Domestic livestock trample
soils wherever they graze, water or loiter. Their weight (800-1000 pounds and
more) destroys fragile "biological crusts"
that stabilize the soil and provide a barrier to invasive weeds on arid western
landscapes. The loss of biological crusts increases soil erosion (contributing
to the massive annual loss of topsoil in North America) and invites
invasion of noxious weeds onto damaged sites.
New research summarizes the importance of livestock grazing to soil damage and erosion--and recommends grazing management that permits restoration of soil crusts, even at the expense of ranch profits:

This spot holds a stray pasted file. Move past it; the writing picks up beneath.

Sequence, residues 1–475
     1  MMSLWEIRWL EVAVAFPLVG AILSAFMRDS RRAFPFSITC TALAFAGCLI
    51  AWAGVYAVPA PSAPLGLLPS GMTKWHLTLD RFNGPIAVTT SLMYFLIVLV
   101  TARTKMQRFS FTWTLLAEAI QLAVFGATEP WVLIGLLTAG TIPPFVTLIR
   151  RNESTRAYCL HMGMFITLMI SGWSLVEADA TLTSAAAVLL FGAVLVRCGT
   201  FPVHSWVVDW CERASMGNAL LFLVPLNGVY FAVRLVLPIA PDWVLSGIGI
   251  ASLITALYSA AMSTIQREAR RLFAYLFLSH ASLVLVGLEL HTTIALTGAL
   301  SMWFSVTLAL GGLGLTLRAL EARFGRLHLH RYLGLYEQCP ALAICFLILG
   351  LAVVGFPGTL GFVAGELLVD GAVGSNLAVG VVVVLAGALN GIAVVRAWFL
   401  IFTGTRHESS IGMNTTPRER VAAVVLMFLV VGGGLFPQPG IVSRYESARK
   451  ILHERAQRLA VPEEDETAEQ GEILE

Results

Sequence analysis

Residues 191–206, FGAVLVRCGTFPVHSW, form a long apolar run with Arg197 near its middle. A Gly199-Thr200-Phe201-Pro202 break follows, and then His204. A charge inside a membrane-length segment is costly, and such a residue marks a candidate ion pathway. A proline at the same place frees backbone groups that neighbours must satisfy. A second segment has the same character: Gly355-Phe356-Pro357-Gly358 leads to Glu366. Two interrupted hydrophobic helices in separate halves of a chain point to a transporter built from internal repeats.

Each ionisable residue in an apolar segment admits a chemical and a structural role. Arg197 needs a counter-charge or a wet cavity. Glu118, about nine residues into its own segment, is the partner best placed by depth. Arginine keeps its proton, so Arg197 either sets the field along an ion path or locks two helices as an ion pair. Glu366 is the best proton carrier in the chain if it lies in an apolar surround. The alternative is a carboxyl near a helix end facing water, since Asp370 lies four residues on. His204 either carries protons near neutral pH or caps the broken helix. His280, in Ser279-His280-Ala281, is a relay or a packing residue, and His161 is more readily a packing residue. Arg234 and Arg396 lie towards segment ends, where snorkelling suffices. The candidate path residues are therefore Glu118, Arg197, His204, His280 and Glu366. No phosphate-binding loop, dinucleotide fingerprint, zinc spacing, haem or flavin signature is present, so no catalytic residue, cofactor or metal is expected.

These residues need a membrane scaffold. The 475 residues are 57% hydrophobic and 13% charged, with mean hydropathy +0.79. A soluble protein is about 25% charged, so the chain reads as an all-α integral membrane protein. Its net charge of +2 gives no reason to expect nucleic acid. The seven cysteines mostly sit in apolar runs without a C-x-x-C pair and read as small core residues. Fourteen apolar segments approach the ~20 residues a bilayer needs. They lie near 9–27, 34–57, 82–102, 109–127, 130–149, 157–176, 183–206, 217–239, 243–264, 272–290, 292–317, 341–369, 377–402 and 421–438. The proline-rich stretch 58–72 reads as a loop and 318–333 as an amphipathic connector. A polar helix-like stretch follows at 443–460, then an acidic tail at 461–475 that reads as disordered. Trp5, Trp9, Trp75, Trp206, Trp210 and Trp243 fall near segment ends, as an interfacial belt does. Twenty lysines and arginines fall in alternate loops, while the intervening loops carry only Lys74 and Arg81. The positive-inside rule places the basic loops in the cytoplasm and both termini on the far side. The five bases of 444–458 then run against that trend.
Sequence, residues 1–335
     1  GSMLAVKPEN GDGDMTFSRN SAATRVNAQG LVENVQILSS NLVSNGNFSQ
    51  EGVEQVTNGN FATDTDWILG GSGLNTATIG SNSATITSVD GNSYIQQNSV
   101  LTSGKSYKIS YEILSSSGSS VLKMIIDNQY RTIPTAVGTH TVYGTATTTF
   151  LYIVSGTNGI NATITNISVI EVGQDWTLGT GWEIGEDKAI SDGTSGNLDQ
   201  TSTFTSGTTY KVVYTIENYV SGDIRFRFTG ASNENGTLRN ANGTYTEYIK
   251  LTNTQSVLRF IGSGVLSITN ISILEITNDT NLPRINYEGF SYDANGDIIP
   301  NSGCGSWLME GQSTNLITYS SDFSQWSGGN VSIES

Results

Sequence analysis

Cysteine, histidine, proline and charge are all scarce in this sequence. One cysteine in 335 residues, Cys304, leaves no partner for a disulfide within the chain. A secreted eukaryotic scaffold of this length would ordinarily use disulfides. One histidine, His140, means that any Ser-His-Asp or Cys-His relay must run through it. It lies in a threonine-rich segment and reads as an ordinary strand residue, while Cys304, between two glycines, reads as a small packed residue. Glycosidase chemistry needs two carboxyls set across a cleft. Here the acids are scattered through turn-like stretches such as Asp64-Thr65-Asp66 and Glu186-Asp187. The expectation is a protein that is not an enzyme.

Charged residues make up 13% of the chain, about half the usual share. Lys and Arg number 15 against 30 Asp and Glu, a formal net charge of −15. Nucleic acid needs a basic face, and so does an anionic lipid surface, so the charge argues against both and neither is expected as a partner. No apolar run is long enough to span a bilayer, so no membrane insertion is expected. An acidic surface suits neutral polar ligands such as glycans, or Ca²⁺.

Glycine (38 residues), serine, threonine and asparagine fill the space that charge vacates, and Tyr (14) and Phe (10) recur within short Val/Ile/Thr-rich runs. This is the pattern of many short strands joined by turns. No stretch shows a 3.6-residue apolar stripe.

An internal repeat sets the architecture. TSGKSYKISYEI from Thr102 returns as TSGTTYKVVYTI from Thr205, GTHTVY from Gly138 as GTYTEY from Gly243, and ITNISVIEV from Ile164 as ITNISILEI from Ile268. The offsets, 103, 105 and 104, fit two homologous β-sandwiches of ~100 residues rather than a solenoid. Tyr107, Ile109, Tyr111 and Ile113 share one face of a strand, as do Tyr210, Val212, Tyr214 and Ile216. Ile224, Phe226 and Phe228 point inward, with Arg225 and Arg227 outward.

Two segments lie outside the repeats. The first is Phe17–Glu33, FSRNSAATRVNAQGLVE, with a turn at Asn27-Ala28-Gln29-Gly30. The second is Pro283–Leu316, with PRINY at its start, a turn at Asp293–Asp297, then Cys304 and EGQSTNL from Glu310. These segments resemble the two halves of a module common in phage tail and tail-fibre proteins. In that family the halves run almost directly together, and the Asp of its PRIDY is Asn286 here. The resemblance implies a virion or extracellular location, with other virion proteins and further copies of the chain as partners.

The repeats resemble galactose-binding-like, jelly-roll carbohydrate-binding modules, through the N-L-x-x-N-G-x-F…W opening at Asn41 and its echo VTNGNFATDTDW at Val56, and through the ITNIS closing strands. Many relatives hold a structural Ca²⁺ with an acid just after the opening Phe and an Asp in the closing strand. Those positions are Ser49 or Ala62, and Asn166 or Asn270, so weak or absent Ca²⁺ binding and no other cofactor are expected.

"Desertification of semiarid and arid rangelands is widespread and costly, impacting 85% of North America's . drylands. The most widespread contributor/accelerator of rangeland desertification is livestock grazing, and one of its main symptoms is accelerated soil erosion."
"We propose that a primary objective of rangeland management should be to slow desertification by preventing rangelands from crossing degradation thresholds beyond which positive feedbacks continue the desertification process and natural succession cannot return a site to its previous state. Economically based decisions regarding establishment of stocking rates should be considered only after this goal has been met."
Bowker, M. A., J. Belnap, M. E. Miller. 2006. Spatial
modeling of biological soil crusts to support rangeland assessment and monitoring.
Rangeland Ecology and Management 59(5): 527 (citations omitted).